8. Write a sonnet while listening to a concert, watching a movie, doing dishes, cooking, or any other activity demanding your attention. Let the outside leak into your work.

9. Write a sonnet composed of a series of guesses to an implied, stated or mysterious question/riddle.

10. Write a sonnet that is also a list poem.

11. Take off your glasses. With any text just out of your visual range so that you cannot quite make out the letters, begin guessing and speaking aloud what you can half-see (it helps to have a scribe write down your words for you). Use this material to enter a sonnet.

12. Write, in sonnet form, what you understand to be the way to write a sonnet.

13. Write a sonnet about an activity you know well, keeping both the rhythm of that familiar activity and the rhyme demands of the form.

14. Write a sonnet in which Shakespeare despairs of the Petrarchan sonnet and recreates the form to fit the poverty of English rhyme (first person optional).

15. Write a narrative sonnet, slaving to make it as near as possible to perfect. Print it out, cut it into fourteen strips, then shuffle them to see what else is going on. At this point, don't feel compelled to keep any imposed form at all.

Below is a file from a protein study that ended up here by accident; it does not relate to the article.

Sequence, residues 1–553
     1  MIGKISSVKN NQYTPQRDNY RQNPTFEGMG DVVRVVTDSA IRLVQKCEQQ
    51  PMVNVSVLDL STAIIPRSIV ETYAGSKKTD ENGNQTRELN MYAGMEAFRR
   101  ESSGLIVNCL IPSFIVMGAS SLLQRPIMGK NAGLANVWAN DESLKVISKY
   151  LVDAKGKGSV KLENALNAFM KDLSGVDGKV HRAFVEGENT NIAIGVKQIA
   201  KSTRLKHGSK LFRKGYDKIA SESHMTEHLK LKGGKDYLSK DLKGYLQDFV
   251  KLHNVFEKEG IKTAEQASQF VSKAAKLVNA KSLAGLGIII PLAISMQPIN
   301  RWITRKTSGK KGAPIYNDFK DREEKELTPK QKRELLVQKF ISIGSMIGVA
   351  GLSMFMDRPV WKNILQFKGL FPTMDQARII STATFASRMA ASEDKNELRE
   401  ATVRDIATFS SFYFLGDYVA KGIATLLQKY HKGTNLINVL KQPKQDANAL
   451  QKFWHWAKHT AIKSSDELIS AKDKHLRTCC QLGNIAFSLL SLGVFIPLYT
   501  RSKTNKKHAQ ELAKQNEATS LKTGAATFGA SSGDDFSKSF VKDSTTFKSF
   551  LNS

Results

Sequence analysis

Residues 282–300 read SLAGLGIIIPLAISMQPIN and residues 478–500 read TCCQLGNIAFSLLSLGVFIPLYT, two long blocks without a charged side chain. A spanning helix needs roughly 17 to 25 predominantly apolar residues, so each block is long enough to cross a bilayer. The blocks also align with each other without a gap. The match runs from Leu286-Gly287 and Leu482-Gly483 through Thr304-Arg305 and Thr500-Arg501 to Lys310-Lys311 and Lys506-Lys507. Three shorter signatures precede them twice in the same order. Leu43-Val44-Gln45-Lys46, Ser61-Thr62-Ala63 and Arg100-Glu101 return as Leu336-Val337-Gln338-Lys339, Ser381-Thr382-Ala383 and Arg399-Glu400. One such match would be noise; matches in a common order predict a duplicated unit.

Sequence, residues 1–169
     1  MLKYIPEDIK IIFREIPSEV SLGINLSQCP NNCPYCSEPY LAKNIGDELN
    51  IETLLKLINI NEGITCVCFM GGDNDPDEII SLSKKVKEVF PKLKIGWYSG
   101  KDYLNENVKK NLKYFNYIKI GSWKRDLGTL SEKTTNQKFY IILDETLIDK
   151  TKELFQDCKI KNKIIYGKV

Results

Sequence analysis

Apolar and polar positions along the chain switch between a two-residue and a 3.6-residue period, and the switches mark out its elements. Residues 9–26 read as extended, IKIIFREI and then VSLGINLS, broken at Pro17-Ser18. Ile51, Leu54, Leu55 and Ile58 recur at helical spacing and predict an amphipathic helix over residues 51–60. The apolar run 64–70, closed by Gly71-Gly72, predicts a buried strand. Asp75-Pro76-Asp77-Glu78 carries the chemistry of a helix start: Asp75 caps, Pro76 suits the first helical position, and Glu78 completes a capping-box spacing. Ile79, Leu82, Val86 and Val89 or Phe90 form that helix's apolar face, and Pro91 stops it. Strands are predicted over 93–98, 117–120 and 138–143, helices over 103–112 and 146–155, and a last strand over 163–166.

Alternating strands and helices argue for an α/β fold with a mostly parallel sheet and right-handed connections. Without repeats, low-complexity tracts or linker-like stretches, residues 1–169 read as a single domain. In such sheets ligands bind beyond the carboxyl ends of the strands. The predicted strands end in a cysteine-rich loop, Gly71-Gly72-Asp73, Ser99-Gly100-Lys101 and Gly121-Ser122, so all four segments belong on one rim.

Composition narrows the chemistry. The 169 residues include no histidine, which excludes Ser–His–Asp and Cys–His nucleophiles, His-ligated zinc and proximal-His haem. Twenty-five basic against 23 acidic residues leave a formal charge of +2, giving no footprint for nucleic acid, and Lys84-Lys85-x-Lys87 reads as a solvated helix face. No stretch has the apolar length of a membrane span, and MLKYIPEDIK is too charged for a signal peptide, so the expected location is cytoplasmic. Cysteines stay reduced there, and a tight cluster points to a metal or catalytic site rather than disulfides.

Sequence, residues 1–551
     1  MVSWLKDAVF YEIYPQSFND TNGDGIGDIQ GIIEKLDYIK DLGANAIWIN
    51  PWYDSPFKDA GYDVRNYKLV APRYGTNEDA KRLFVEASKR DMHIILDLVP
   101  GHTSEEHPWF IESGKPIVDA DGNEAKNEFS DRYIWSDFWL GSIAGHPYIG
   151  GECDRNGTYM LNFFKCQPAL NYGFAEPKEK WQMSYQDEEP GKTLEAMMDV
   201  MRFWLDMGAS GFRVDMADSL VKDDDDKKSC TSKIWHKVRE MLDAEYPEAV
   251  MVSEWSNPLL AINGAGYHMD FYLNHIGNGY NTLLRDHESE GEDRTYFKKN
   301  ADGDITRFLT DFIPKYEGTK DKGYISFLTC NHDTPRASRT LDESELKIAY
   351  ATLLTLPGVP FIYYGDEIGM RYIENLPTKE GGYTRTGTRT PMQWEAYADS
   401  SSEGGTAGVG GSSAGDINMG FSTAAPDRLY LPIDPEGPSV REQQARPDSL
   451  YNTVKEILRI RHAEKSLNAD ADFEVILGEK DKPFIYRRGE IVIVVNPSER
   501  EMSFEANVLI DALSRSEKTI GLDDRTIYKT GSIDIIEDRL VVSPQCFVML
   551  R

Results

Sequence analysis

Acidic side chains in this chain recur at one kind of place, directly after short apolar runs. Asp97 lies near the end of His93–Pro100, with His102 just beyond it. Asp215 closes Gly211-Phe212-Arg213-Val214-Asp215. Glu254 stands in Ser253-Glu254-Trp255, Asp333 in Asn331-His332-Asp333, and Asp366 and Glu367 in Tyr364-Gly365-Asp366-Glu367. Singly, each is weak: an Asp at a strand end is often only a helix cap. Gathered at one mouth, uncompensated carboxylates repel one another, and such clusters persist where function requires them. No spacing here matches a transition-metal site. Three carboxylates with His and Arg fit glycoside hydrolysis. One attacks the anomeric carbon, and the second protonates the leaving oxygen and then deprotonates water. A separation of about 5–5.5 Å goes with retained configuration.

A Great Poem About Writing A Sonnet

By Billy Collins

All we need is fourteen lines, well, thirteen now,
and after this one just a dozen
to launch a little ship on love’s storm-tossed seas,
then only ten more left like rows of beans.
How easily it goes unless you get Elizabethan
and insist the iambic bongos must be played
and rhymes positioned at the ends of lines,
one for every station of the cross.
But hang on here wile we make the turn
into the final six where all will be resolved,
where longing and heartache will find an end,
where Laura will tell Petrarch to put down his pen,
take off those crazy medieval tights,
blow out the lights, and come at last to bed.

Three Famous Sonnets

Sonnet 79
by Edmund Spencer

Men call you fair, and you do credit it,
For that yourself you daily such do see:
But the true fair, that is the gentle wit
And virtuous mind, is much more praised of me.
For all the rest, however fair it be,
Shall turn to naught and lose that glorious hue:
But only that is permanent and free
From frail corruption that doth flesh ensue,
That is true beauty; that doth argue you
To be divine and born of heavenly seed;
Derived from that fair spirit, from whom all true